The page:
NOV 11, 2016 07:57 AM PST

Ultra Luminous X-ray Flaring From Another Galaxy Stumps Astronomers

Astronomers are in awe after observing a stellar flare-up with NASA’s Chandra X-ray Observatory and the ESA’s XMM-Newton Observatory that they can’t seem to fully explain.
 
In another galaxy dubbed NGC 4636, estimated to be around 47 million light years away from the Earth, two objects are reportedly flaring up in what experts are saying are some of the most luminous in the region. Explanations for these sudden bursts of X-rays have yet to be fully explained, but there are some theories. The research appears in the journal Nature.
 
"We've never seen anything like this," said Jimmy Irwin of the University of Alabama and lead author of the study. "Astronomers have seen many different objects that flare up, but these may be examples of an entirely new phenomenon."
 
According to the team’s statement on the Chandra X-ray Observatory web page, astronomers think this might classify as a new kind of “explosive event” that occurs naturally in space, as it’s unlike anything we’ve ever observed before.
 
Within just one minute, the flare-up reaches its peak intensity in luminosity, but it takes about an hour for the luminous object to subside. The GIF below will give you a sneak peek of what it looks like to astronomers:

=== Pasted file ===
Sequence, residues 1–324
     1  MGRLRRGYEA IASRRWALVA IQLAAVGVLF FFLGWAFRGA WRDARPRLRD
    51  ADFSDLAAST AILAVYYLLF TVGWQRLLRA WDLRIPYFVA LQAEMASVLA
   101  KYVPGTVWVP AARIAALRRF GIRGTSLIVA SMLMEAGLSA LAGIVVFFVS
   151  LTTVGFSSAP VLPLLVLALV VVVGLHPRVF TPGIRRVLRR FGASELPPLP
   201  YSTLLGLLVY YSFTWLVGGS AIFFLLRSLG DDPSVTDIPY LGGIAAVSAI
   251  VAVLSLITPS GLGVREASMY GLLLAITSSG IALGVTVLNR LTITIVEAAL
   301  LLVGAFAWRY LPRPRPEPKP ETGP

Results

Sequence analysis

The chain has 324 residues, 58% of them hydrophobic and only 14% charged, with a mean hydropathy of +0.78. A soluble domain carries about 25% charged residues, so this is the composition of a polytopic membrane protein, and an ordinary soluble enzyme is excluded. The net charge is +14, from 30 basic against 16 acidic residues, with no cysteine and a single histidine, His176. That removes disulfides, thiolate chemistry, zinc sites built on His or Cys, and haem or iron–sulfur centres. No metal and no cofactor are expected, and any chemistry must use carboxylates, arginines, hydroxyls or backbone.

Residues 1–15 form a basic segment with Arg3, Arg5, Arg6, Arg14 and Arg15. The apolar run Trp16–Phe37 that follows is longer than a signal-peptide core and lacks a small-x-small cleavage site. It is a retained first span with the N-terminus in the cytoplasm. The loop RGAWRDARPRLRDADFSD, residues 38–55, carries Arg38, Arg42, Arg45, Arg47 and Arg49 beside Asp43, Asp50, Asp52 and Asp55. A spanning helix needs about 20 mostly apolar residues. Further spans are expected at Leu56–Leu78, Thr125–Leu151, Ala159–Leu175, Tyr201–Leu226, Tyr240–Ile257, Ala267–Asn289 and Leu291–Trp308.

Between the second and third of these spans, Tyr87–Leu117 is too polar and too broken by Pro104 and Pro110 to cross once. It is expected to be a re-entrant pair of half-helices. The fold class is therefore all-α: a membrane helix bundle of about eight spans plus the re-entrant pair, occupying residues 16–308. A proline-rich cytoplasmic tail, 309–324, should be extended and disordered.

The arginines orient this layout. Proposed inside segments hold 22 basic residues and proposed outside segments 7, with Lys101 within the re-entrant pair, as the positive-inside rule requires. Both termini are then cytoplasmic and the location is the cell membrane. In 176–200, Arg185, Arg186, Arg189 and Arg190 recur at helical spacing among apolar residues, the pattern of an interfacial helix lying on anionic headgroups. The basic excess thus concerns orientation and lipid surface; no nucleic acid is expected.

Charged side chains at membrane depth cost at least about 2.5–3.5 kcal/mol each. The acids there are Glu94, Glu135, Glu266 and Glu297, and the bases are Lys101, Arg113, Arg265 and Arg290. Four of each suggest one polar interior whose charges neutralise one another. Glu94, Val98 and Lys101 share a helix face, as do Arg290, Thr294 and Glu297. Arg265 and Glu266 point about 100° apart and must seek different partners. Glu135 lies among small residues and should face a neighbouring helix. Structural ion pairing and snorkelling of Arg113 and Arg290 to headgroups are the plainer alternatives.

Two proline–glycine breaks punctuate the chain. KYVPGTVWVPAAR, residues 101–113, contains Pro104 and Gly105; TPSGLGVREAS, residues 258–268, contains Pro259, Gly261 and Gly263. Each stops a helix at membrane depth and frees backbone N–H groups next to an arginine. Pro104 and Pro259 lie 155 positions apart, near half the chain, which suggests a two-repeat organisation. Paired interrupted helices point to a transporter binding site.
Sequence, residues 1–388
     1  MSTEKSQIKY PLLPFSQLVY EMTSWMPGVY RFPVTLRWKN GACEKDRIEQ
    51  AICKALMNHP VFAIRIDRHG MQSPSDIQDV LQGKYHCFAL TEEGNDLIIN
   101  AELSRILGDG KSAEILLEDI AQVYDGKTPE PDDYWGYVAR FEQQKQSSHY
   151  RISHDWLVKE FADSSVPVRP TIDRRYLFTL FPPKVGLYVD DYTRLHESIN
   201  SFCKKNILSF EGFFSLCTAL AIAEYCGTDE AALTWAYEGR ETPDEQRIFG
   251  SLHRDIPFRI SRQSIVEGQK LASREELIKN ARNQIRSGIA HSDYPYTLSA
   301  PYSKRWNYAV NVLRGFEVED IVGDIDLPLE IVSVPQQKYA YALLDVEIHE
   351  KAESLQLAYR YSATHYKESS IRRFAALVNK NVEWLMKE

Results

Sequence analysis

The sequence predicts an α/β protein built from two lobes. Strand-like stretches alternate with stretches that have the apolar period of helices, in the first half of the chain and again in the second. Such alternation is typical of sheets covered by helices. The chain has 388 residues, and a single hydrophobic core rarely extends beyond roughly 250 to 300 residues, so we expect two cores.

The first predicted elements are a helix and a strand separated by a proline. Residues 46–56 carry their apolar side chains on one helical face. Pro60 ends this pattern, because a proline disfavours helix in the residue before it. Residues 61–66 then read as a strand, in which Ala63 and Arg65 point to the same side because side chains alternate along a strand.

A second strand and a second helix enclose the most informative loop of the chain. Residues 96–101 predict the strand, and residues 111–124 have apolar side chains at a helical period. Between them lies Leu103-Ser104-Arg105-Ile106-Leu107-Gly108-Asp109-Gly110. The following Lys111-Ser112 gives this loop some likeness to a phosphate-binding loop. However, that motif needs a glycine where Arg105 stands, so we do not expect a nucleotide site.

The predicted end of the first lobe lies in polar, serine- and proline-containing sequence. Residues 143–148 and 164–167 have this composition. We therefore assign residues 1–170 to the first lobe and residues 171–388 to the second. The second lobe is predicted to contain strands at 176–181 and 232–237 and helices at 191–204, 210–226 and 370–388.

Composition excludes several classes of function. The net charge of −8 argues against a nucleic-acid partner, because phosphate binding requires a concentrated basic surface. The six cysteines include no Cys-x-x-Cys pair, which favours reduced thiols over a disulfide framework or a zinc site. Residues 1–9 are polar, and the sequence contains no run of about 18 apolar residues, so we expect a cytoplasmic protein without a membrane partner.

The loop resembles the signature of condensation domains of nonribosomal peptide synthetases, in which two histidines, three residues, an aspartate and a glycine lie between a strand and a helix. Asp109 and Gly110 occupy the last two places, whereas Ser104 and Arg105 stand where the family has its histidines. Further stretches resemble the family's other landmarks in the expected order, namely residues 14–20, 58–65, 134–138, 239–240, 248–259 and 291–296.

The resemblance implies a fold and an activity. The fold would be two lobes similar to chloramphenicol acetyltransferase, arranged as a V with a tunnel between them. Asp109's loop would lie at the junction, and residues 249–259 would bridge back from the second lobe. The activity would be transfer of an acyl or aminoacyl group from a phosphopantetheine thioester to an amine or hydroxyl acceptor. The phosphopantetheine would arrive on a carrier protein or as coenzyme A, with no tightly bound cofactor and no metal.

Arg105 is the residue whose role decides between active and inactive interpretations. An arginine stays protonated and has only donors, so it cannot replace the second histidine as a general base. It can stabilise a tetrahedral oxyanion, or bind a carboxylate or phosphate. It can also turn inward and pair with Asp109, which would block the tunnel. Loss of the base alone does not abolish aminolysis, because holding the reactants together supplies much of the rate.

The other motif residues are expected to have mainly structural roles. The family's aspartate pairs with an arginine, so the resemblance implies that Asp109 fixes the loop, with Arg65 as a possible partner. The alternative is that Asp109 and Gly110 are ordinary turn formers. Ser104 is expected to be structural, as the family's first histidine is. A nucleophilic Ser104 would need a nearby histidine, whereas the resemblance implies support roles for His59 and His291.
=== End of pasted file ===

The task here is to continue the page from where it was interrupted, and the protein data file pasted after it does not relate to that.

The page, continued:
A representation of the flare-up astronomers were seeing.

 Image Credit: NASA/CXC/UA/J.Irwin et al

Just to give you an idea of the luminosity of the newly-discovered ultraluminous X-ray source (ULX), the statement goes on to explain that ULXs can be hundreds or thousands of times brighter than a binary system where a star orbits a black hole or a neutron star.
 
One theory behind the ultra-bright flicker is that some kind of intermediate-sized black hole or neutron star could be pulling in material from a companion star due to gravitational forces at work during its closest encounter. This would essentially super-heat that material as it’s compressed, and once the absorption is complete, the luminosity would calm back down again.
 
For what it’s worth, whenever the flare-up isn’t occurring, the system appears to look just like any other binary system, so it’s a very strange phenomenon and astronomers have their work cut out for them to figure out exactly what it is.
 
"Now that we've discovered these flaring objects, observational astronomers and theorists alike are going to be working hard to figure out what's happening," said co-author Gregory Sivakoff of the University of Alberta.
 
Astronomers come across very weird things in the depths of outer space all the time, and the reason we don’t know everything about the different kinds of phenomenon in space today is because there are so many different conditions surrounding all the different star systems in the universe that make our own solar system look boring and basic.
 
Nevertheless, additional observations of this ULX are sure to take place to figure out what’s going on, and as space equipment continues to receive upgrades, we might just be able to see further and clearer to get a better understanding of why these strange things are happening.
 
Source: Chandra X-ray Observatory

About the Author
  • Fascinated by scientific discoveries and media, Anthony found his way here at LabRoots, where he would be able to dabble in the two. Anthony is a technology junkie that has vast experience in computer systems and automobile mechanics, as opposite as those sound.
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